In an effort to boost its independence from Western technology, Russia has announced that it will be creating its own mobile operating system, the Russian-language news site RBC reports (English language summary). Russia's Ministry of Communications is working with the Finnish company Jolla, which already offers a Linux-based operating system for mobile devices called Sailfish.

  • Goodbye and Thanks

    After over seven years of publishing, this is the last column on the Open Enterprise blog. You can access all 1400 posts from the complete listing in reverse chronological order; if you want to start at the beginning you can use this page.) For my last post, I thought it might be interesting to pick out some of the key events that have taken place in open source and its related fields during that time. It's pretty astonishing how much has happened, and how much has been achieved. As I said in one of my recent posts, free software has definitely won, but it's certainly not finished. Thanks for sharing that amazing journey.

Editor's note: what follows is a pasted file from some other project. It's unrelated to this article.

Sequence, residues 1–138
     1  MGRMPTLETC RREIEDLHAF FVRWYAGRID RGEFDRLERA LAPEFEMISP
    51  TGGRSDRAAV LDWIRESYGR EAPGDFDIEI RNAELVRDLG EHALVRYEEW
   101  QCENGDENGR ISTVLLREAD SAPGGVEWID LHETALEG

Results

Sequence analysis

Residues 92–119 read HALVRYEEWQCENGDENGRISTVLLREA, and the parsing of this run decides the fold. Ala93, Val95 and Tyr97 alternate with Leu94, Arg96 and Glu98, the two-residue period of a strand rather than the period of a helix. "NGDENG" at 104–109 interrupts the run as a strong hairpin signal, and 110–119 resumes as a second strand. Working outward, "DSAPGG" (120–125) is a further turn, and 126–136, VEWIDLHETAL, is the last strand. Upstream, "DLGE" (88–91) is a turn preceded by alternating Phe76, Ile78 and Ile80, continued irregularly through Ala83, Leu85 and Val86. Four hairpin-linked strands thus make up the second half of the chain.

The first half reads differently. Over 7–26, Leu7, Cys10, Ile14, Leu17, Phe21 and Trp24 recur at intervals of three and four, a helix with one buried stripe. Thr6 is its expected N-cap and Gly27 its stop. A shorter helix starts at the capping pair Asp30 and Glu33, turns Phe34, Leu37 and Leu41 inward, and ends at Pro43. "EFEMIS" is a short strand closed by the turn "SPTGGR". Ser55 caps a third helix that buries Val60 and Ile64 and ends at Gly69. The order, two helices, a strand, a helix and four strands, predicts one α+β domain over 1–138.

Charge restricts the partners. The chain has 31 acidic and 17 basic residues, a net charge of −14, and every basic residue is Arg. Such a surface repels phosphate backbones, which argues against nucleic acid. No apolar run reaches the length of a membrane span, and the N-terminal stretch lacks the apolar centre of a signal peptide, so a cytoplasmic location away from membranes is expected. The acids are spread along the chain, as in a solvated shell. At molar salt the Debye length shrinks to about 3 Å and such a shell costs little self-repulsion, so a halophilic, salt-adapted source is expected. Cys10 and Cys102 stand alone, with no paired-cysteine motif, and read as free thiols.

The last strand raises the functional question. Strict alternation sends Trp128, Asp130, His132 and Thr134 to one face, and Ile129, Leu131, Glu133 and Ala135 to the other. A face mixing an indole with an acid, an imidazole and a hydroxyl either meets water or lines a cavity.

• OSCAL 2015 – Event Report

    I’ve got three words: It Was Amazing! Congratulations to the organizers and the volunteers who put it all together. I’m so happy that I was once again part of it.

  • The OpenStack Summit kicks off in Vancouver, and other OpenStack news
  • OpenStack Summit to Highlight Liberty Platform, Containers

    As the OpenStack Summit is set to start May 17 in Vancouver, B.C., here's a look at the trends and issues that will dominate the five-day conference.

  • Google Expands Moat Around Extensions for the Chrome Browser